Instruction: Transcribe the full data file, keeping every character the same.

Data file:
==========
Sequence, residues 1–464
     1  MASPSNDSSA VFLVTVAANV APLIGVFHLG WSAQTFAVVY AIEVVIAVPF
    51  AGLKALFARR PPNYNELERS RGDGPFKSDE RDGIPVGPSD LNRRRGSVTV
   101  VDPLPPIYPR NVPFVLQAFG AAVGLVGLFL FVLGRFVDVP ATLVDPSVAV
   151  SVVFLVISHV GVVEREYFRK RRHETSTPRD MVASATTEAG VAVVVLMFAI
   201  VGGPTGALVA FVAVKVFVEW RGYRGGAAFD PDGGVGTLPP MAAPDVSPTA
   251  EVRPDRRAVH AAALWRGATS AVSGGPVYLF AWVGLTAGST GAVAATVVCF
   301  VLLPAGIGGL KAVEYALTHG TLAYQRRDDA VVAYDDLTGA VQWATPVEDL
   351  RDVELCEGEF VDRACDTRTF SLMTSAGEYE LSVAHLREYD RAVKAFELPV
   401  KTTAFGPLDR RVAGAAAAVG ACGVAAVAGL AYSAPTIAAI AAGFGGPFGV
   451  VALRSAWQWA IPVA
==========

Sequence, residues 1–464
     1  MASPSNDSSA VFLVTVAANV APLIGVFHLG WSAQTFAVVY AIEVVIAVPF
    51  AGLKALFARR PPNYNELERS RGDGPFKSDE RDGIPVGPSD LNRRRGSVTV
   101  VDPLPPIYPR NVPFVLQAFG AAVGLVGLFL FVLGRFVDVP ATLVDPSVAV
   151  SVVFLVISHV GVVEREYFRK RRHETSTPRD MVASATTEAG VAVVVLMFAI
   201  VGGPTGALVA FVAVKVFVEW RGYRGGAAFD PDGGVGTLPP MAAPDVSPTA
   251  EVRPDRRAVH AAALWRGATS AVSGGPVYLF AWVGLTAGST GAVAATVVCF
   301  VLLPAGIGGL KAVEYALTHG TLAYQRRDDA VVAYDDLTGA VQWATPVEDL
   351  RDVELCEGEF VDRACDTRTF SLMTSAGEYE LSVAHLREYD RAVKAFELPV
   401  KTTAFGPLDR RVAGAAAAVG ACGVAAVAGL AYSAPTIAAI AAGFGGPFGV
   451  VALRSAWQWA IPVA